A small white dog standing next to a pair of boots and a backpack near the door.

National Disaster Preparedness Month: Building a “go-bag” for your pet

You never want to think about something bad happening to your home, your pet or your family. But alas, life comes at you fast, and it’s better to be prepared for whatever it throws your way. For Natural Disaster Preparedness Month, we’re helping you and your pets be as prepped as possible.

Most people have some form of disaster plan for their families and pets, usually focusing on what to do and where to go in case of a fire, an earthquake, a hurricane or whatever else might force you to take shelter. These plans generally include a “go-bag” that includes the essentials you might need to make it through the situation safely, and maybe a little comfortably. Typically, every member of the family will have a go-bag prepared. But should that preparedness extend to the family pets?

We think you know the answer.

Here are some tips on how to put together a go-bag for your furry family members.

Also known as a “bug-out bag,” a “grab-and-go” or simply an emergency bag, these packs include everything your pet would need to survive without stable food or shelter for up to three days. You can pack as much as you feel they’ll need, but it’s important to consider portability, especially if you’re carrying a pack for yourself or a child. Ideally, the pack is something your dog or cat could actually carry on their back, but that all depends on the size of the dog. This list is arranged in a loose order of importance, so if you have to trim for space or weight, start at the bottom.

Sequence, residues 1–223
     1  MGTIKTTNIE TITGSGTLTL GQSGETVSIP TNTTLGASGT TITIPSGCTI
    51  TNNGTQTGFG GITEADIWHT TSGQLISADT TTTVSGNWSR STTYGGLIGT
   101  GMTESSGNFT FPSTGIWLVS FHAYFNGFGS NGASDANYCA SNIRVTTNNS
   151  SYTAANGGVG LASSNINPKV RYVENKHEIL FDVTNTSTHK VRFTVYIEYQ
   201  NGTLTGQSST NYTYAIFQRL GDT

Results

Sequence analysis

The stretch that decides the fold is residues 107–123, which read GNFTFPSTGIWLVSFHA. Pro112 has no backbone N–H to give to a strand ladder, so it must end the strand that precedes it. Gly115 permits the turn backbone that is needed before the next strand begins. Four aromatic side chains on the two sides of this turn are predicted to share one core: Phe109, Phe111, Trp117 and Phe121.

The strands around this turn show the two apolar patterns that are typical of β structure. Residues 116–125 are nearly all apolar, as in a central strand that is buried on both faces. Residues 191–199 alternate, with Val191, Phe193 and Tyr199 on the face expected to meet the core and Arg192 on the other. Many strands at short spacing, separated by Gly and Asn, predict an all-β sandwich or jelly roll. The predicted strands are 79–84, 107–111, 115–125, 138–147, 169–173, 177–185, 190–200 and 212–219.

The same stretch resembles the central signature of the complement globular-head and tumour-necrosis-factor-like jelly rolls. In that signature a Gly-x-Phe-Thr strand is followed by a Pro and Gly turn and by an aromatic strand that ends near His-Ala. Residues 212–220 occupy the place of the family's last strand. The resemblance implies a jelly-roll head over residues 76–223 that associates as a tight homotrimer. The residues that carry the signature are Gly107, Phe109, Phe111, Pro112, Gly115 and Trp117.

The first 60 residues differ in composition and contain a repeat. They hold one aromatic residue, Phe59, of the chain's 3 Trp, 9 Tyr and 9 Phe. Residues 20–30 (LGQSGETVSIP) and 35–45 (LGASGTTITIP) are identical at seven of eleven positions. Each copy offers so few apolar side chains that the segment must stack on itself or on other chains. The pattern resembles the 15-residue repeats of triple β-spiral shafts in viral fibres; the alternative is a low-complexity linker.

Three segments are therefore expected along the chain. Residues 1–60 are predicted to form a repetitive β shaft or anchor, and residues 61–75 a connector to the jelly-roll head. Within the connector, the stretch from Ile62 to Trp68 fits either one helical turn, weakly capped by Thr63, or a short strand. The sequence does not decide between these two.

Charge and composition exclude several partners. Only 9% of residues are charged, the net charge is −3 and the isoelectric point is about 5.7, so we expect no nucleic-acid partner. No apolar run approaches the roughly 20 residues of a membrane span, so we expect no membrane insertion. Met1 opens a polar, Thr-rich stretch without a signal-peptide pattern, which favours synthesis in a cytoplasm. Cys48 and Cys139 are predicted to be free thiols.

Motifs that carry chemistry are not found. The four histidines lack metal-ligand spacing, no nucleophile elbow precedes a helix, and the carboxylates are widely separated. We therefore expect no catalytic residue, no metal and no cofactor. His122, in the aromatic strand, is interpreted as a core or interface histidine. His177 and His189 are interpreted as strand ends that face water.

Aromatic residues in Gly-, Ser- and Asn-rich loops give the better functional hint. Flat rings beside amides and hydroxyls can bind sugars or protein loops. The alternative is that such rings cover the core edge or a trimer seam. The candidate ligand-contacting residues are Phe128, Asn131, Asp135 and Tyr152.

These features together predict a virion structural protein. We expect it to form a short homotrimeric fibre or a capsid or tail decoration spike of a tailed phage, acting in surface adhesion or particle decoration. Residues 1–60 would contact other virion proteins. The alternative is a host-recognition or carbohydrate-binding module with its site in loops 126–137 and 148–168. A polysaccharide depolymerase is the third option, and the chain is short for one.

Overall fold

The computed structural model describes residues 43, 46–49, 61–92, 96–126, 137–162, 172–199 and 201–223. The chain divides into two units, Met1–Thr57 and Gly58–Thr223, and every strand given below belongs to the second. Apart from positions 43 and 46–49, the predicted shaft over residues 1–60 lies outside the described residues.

• A three-day supply of food and water.
  • Collapsible bowls for food and water. Regular bowls will work in a pinch, but collapsible versions take up less space and are usually lighter.
  • Extra collar and leash. Things may be chaotic and the last thing you want is a loose pet if you had to leave in a hurry.
  • Pet meds. It can be difficult to have extra meds continually updated just for the go-bag, and the last thing you want is to accidentally give your pet expired medication. Talk to your veterinarian about a plan for the emergency kit. Most importantly, try to grab any necessary medication on your way out the door.
  • Make sure each collar/leash combo is equipped with your pet’s name and your name and contact information.
  • Animal first-aid kit. You can buy these ready-made, but if you want to build your own, you can mimic a human kit by including gauze, bandages, scissors, alcohol and peroxide, etc.
  • Vaccination records
  • Poop bags for dogs or a litter box for cats. For the cats, you can find collapsible litter bowls or boxes online.
  • Pet carrier. There won’t be space in the actual go-bag for this, but if you have an opportunity to keep one on your vehicle, it can be a lifesaver to have a secure space for your little buddy.
  • Blanket or portable pet bed
  • Toys. Much like with children, toys can be comfort items for pets in times of stress.


It’s never fun to consider the bad things that might happen. But if you’re prepared, those bad things can be less bad for your entire family. Even the furry members.

RELATED POST: Are You Prepared for a Pet Health Emergency?

The information in this blog has been developed with our veterinarian and is designed to help educate pet parents. If you have questions or concerns about your pet's health or nutrition, please talk with your veterinarian.


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